with meniscal-bearing devices: a systematic review and meta-analysis. Arch Orthop
         Trauma Surg 2005;125(2):109-19. PubMed: PM15690167
         Structured abstract available:
         http://www.mrw.interscience.wiley.com/cochrane/cldare/articles/DARE-
         20059848/frame.html (accessed 2008 Oct 9).

Randomized controlled trials
No literature identified

Controlled clinical trials

3.       Houdijk H, Doets HC, van Middelkoop M, Dirkjan Veeger HE. Joint stiffness of the ankle
         during walking after successful mobile-bearing total ankle replacement. Gait Posture
         2008;27(1):115-9. PubMed: PM17462899

4.       Piriou P, Culpan P, Mullins M, Cardon JN, Pozzi D, Judet T. Ankle replacement versus
         arthrodesis: a comparative gait analysis study. Foot Ankle Int 2008;29(1):3-9. PubMed:
         PM18275730

5.       Doets HC, van Middelkoop M, Houdijk H, Nelissen RG, Veeger HE. Gait analysis after
         successful mobile bearing total ankle replacement. Foot Ankle Int 2007;28(3):313-22.
         PubMed: PM17371655


Observational studies

6.       SooHoo NF, Zingmond DS, Ko CY. Comparison of reoperation rates following ankle
         arthrodesis and total ankle arthroplasty. J Bone Joint Surg Am 2007;89(10):2143-9.
         PubMed: PM17908889

7.       Hintermann B, Valderrabano V, Dereymaeker G, Dick W. The HINTEGRA ankle:
         rationale and short-term results of 122 consecutive ankles. Clin Orthop Relat Res
         2004;(424):57-68. PubMed: PM15241144

Guidelines and recommendations
No literature identified




     Total Ankle Replacements                                                                 5
PREPARED BY:
Karen Cimon, Research Assistant
Jessie Cunningham, MISt, Information Specialist
Health Technology Inquiry Service
Email: htis@cadth.ca
Tel: 1-866-898-8439




   Total Ankle Replacements                       6
APPENDIX – FURTHER INFORMATION:

Economic analyses and cost information

8.        SooHoo NF, Kominski G. Cost-effectiveness analysis of total ankle arthroplasty. J Bone
          Joint Surg Am 2004;86-A(11):2446-55. PubMed: PM15523017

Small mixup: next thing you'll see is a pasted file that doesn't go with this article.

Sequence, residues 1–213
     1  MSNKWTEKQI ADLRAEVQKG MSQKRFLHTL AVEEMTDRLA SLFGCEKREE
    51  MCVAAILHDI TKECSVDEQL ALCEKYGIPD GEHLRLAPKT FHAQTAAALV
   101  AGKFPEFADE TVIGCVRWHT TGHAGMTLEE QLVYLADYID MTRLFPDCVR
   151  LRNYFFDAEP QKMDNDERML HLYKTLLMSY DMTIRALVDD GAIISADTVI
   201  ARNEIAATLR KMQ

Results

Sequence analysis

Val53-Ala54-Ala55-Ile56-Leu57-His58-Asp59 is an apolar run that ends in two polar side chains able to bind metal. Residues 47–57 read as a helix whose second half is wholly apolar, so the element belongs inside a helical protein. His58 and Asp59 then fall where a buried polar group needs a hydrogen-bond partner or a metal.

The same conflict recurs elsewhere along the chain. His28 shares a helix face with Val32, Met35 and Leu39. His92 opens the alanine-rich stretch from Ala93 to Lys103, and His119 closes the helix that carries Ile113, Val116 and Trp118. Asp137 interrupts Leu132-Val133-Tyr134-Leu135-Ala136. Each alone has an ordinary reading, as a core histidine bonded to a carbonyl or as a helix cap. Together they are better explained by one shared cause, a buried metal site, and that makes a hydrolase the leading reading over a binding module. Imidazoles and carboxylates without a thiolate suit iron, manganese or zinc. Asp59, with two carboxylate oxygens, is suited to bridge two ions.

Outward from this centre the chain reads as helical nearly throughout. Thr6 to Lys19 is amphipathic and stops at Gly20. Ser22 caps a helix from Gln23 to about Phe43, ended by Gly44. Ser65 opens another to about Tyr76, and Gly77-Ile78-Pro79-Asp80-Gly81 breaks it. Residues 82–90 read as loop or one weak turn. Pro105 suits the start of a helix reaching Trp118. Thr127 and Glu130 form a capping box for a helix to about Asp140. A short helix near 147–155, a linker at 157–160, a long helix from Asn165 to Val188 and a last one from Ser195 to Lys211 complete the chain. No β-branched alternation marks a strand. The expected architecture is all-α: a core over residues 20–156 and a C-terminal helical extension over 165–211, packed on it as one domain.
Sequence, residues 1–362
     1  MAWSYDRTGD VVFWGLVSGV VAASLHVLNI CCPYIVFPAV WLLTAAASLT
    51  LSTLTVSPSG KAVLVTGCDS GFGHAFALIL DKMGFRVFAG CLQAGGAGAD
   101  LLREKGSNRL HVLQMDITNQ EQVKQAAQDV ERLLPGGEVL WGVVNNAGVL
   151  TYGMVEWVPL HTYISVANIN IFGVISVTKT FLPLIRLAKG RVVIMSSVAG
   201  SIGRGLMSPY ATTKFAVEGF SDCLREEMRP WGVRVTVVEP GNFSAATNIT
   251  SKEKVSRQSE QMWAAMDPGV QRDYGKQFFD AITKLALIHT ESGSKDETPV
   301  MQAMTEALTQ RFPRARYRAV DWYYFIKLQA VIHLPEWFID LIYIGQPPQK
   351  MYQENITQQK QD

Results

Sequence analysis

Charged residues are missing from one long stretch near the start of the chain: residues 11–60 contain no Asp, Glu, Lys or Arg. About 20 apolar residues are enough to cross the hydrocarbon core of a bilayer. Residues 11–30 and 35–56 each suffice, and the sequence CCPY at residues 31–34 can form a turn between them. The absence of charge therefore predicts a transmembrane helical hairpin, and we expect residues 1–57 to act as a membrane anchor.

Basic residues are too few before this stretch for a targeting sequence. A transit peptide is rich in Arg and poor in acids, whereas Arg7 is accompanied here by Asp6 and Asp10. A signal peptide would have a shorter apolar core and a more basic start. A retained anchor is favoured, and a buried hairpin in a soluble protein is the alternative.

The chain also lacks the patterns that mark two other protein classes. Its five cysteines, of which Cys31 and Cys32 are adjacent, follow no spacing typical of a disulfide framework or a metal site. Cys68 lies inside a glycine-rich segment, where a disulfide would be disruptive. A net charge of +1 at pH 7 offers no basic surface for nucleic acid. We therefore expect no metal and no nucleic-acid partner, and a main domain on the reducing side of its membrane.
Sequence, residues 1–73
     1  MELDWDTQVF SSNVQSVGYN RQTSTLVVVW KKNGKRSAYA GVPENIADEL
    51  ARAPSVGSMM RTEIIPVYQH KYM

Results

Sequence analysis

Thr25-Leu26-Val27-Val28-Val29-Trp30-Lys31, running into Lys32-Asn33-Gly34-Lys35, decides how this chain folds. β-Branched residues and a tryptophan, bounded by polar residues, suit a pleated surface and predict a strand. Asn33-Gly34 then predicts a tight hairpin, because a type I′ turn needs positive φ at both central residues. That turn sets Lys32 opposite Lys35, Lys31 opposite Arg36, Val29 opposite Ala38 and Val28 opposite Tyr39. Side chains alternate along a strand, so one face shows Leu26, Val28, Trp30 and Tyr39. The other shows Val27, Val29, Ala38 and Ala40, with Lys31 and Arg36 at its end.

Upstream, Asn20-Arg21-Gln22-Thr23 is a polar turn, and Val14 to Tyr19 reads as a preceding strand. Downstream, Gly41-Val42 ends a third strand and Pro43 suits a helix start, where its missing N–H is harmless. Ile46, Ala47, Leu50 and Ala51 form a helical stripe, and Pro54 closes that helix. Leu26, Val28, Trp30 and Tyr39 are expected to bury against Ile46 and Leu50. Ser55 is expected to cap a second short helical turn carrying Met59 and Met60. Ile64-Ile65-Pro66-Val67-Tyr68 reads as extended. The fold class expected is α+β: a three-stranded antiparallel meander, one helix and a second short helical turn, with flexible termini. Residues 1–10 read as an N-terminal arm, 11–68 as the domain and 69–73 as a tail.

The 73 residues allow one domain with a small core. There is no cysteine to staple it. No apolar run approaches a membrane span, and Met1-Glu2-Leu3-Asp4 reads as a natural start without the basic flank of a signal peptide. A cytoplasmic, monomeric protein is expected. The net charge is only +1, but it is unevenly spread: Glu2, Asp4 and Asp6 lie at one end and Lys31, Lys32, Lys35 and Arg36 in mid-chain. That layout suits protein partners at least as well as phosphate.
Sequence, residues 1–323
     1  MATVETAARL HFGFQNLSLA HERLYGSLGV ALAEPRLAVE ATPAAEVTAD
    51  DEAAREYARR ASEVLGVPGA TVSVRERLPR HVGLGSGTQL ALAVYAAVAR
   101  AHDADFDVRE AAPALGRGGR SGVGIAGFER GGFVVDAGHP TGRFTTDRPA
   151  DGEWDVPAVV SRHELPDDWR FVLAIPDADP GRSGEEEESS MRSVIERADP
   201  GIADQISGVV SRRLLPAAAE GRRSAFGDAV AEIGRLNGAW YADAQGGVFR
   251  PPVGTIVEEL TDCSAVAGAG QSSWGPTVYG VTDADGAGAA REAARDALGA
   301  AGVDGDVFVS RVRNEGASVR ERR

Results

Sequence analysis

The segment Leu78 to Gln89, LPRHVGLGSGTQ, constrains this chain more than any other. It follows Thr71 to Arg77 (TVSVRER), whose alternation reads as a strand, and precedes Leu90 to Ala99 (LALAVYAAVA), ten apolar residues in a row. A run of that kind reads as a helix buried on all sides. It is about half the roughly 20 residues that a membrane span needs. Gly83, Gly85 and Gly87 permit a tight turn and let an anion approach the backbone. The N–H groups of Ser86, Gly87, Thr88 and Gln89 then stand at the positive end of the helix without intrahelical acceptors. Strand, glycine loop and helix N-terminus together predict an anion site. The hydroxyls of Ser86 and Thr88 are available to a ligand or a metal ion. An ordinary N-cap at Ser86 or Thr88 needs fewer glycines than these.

Structured Abstract Available:
          http://www.crd.york.ac.uk/CRDWeb/ShowRecord.asp?View=Full&ID=22004009232
           (accessed 2008 Oct 9).

Observational studies (non-comparative or non-Hintegra®)

9.        Benedetti MG, Leardini A, Romagnoli M, Berti L, Catani F, Giannini S. Functional
          outcome of meniscal-bearing total ankle replacement: a gait analysis study. J Am
          Podiatr Med Assoc 2008;98(1):19-26. PubMed: PM18202330

10.       Schutte BG, Louwerens JW. Short-term results of our first 49 Scandinavian total ankle
          replacements (STAR). Foot Ankle Int 2008;29(2):124-7. PubMed: PM18315965

11.       Wood PL, Prem H, Sutton C. Total ankle replacement: medium-term results in 200
          Scandinavian total ankle replacements. J Bone Joint Surg Br 2008;90(5):605-9.
          PubMed: PM18450626

12.       Ali MS, Higgins GA, Mohamed M. Intermediate results of Buechel Pappas unconstrained
          uncemented total ankle replacement for osteoarthritis. J Foot Ankle Surg 2007;46(1):16-
          20. PubMed: PM17198948

13.       Fevang BT, Lie SA, Havelin LI, Brun JG, Skredderstuen A, Furnes O. 257 ankle
          arthroplasties performed in Norway between 1994 and 2005. Acta Orthop
          2007;78(5):575-83. PubMed: PM17966015

14.     Henricson A, Skoog A, Carlsson A. The Swedish Ankle Arthroplasty Register: An analysis
        of 531 arthroplasties between 1993 and 2005. Acta Orthop 2007;78(5):569-74. PubMed:
        PM17966014

15.       Hosman AH, Mason RB, Hobbs T, Rothwell AG. A New Zealand national joint registry
          review of 202 total ankle replacements followed for up to 6 years. Acta Orthop
          2007;78(5):584-91. PubMed: PM17966016

16.       Hurowitz EJ, Gould JS, Fleisig GS, Fowler R. Outcome analysis of agility total ankle
          replacement with prior adjunctive procedures: two to six year followup. Foot Ankle Int
          2007;28(3):308-12. PubMed: PM17371654